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Quotes from T. S. Eliot’s Christianity and Culture

October 1, 2009

From: The Idea of a Christian Society

The Idea of a Christian Society is one which we can accept or reject; but if we are to accept it, we must treat Christianity with a great deal more intellectual respect than is our wont; we must treat it as being for the individual a matter primarily of thought and not of feeling. The consequences of such an attitude are too serious to be acceptable to everybody: for when the Christian faith is not only felt, but thought, it has practical results which may be inconvenient. (p. 6)

The more highly industrialized the country, the more easily a materialistic philosophy will flourish in it, and the more deadly that philosophy will be. Britain has been highly industrialized longer than any other country. And the tendency of unlimited industrialism is to create bodies of men and women — of all classes — detached from tradition, alienated from religion and susceptible to mass suggestion: in other words, a mob. And a mob will be no less a mob if it is well fed, well clothed, well housed, and well disciplined. (p. 17)

The problem of leading a Christian life in a non-Christian society is now very present to us, and it is a very different problem from that of the accommodation between an Established Church and dissenters. It is not merely the problem of a minority in a society of individuals holding an alien belief. It is the problem constituted by our implication in a network of institutions from which we cannot disassociate ourselves: institutions the operation of which appears no longer neutral, but non-Christian. And as for the Christian who is not conscious of his dilemma — and he is in the majority — he is becoming more and more de-Christianized by all sorts of unconscious pressure: paganism holds all the most valuable advertising space. (pp. 17-18)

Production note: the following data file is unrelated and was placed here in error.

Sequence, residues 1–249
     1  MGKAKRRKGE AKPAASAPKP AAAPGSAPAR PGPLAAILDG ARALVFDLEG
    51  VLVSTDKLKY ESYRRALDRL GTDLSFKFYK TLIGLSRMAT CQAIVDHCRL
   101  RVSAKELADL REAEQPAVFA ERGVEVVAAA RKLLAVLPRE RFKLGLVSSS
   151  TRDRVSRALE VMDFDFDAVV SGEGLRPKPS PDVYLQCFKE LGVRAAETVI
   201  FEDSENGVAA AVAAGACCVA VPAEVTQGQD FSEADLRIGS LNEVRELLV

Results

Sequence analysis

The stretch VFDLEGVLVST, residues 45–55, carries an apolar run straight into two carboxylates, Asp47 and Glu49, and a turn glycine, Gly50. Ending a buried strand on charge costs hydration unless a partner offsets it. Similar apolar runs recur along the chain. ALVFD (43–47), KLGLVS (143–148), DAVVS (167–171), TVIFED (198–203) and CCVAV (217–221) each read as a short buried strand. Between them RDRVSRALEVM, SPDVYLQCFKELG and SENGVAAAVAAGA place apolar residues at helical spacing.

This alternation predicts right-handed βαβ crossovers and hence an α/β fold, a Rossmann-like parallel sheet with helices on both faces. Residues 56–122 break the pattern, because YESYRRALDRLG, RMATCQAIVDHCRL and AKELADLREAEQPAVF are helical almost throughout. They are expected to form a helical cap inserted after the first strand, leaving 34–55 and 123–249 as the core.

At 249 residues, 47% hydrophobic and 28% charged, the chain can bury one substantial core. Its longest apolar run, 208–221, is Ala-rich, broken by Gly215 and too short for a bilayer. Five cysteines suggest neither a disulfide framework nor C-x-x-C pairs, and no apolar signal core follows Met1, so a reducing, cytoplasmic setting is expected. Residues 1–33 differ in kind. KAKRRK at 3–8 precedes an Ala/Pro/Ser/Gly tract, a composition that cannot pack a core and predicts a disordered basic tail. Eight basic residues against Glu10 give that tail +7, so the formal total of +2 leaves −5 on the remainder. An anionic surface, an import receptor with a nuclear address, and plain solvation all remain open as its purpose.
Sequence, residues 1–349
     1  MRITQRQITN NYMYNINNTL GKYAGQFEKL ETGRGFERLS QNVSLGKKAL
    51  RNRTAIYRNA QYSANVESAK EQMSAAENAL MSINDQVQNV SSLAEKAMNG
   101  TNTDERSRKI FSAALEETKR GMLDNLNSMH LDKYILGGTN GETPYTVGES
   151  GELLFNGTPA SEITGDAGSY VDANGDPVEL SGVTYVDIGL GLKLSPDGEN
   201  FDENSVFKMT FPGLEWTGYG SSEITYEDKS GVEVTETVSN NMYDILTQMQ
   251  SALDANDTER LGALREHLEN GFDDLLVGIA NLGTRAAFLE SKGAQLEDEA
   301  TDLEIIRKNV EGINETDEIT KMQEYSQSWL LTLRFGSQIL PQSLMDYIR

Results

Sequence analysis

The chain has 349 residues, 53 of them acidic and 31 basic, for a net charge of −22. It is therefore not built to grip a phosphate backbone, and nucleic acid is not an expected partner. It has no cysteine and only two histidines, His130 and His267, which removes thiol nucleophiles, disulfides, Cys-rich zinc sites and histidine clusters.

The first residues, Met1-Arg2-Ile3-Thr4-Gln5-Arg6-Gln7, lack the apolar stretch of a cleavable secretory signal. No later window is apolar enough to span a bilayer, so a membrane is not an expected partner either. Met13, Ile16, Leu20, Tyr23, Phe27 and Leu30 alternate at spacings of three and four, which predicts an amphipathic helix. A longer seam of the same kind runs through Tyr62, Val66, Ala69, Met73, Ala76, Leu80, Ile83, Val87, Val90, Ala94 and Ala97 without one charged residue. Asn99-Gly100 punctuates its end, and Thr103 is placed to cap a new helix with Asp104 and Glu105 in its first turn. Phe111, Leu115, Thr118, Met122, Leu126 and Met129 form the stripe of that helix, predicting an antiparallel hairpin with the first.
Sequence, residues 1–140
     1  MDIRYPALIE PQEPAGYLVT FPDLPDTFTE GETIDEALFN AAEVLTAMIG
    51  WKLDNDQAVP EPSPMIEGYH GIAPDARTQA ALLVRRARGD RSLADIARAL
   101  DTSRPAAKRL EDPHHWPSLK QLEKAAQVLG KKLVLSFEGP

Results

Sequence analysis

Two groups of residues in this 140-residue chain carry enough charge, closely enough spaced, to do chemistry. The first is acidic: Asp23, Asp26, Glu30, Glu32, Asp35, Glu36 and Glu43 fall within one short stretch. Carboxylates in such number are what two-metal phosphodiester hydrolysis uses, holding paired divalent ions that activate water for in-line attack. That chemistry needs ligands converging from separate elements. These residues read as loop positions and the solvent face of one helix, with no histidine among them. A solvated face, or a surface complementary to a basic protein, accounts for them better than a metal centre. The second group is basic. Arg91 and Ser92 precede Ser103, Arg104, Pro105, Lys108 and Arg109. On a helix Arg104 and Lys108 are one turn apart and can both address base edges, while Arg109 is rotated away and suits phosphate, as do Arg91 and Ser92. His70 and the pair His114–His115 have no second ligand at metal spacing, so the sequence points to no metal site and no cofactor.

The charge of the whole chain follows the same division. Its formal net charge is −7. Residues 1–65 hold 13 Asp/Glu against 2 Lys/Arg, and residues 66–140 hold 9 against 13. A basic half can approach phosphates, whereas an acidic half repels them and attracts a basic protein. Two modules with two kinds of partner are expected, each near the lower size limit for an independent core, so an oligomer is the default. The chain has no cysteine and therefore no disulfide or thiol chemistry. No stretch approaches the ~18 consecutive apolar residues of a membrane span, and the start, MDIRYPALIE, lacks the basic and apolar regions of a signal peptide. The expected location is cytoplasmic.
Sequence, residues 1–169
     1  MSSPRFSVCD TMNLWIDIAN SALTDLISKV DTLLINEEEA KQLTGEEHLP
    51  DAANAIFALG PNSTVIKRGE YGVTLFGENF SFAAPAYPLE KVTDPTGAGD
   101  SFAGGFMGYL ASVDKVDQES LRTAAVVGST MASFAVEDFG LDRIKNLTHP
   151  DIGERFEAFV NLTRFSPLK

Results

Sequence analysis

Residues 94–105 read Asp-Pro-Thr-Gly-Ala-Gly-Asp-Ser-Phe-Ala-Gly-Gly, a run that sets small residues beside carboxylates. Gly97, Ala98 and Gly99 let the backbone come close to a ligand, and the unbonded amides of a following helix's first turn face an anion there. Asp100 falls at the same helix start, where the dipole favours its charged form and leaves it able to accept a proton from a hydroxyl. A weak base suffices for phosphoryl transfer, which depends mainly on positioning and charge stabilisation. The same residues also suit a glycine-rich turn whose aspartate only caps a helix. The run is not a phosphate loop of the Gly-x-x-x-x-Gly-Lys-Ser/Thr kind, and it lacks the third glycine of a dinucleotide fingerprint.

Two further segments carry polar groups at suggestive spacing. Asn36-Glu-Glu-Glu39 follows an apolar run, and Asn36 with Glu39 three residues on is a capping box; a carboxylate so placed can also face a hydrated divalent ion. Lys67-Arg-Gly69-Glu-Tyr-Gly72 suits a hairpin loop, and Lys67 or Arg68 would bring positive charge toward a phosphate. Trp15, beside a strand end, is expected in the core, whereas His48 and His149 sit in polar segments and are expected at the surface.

The Christian and the unbeliever do not, and cannot, behave very differently in the exercise of office; for it is the general ethos of the people they have to govern, not their own piety, that determines the behavior of politicians. (p. 21)

The Spirit descends in different ways, and I cannot foresee any future society in which we could classify Christians and non-Christians simply by their professions of belief, or even, by any rigid code, by their behavior. In the present ubiquity of ignorance, one cannot but suspect that many who call themselves Christians do not understand what the word means, and that some who would vigorously repudiate Christianity are more Christian than many who maintain it. And perhaps there will always be individuals who, with great creative gifts of value to mankind, and the sensibility which such gifts imply, will yet remain blind, indifferent, or even hostile. That must not disqualify them from exercising the talents they have been given. (p. 35)